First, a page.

Michael Jackson’s Death: An Inside Look At How Google, Yahoo, & Bing Handled An Extraordinary Day In Search
An extraordinary day of breaking news on Thursday led to record-breaking traffic spikes as people searched online for information about the deaths of Farrah Fawcett and, especially, Michael Jackson. And just like their counterparts in traditional media, the news divisions of Google, Yahoo, and Bing responded with sometimes extraordinary measures to ensure they were giving […]
An extraordinary day of breaking news on Thursday led to record-breaking traffic spikes as people searched online for information about the deaths of Farrah Fawcett and, especially, Michael Jackson. And just like their counterparts in traditional media, the news divisions of Google, Yahoo, and Bing responded with sometimes extraordinary measures to ensure they were giving searchers the most accurate and current news available.
Below, a look not only at the extreme traffic spikes that took place, but also an insider’s look at what happened as each search engine — and Wikipedia — grappled with the demands of a nearly unprecedented surge of interest in the day’s breaking news.
Google: “An all-hands-on-deck moment”
“Thursday was a pretty out-of-the-ordinary day.” That’s how spokesperson Gabriel Stricker describes the scene at Google’s headquarters while millions of people were online trying to find out what happened to Michael Jackson. Google has written about what it calls an “outpouring of searches” about Jackson. Stricker says Google saw a wide range of queries — like “michael jackson died” and “michael jackson hoax” — that peaked at about 3:00 pm PST.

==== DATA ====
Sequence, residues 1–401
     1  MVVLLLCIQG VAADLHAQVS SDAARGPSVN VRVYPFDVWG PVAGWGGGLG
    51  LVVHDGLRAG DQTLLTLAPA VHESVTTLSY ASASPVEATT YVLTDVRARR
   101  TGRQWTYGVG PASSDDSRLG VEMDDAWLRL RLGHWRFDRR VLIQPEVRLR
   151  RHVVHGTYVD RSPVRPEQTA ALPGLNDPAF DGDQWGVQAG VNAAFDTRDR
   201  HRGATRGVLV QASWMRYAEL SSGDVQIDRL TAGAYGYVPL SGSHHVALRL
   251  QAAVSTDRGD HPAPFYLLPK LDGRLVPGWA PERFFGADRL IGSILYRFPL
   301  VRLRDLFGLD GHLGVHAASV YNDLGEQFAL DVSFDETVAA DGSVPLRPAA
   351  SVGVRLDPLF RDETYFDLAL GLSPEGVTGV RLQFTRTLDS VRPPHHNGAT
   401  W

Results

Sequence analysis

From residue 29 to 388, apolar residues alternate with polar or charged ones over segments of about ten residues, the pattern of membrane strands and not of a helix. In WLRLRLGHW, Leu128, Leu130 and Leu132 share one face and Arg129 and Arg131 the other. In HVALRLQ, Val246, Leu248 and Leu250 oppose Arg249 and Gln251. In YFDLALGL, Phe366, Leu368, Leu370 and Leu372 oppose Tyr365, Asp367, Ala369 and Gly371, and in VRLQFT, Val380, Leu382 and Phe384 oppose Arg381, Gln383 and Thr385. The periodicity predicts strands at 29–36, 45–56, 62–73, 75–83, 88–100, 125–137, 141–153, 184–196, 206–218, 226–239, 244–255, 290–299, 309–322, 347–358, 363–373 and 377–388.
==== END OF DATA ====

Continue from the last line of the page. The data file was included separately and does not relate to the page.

The rush of traffic was so severe that Google initially thought it was under attack.
“That was an all-hands-on-deck moment,” Stricker says, “until we were able to determine that the original assessment was wrong, that it wasn’t an attack.” The massive spike in searches “tricked” Google News into showing an interstitial error page for about 25 minutes.
Google says the mistaken attack was its only hiccup yesterday, and that they saw no need to manually adjust results so that searchers got the right information. “The spike in traffic is an indication that we accomplished what we set out to do,” Stricker says. “People came to Google looking for an answer to a specific — and in this case, rather sad — question, and they got it quickly.”
Google hasn’t said yet how Thursday’s traffic compares to other important news events. Their blog post does say that Google “saw one of the largest mobile search spikes we’ve ever seen.” And Google Trends labeled Thursday’s searches for “michael jackson died” as “volcanic.”
Yahoo: “This demanded that we take our coverage to the next level”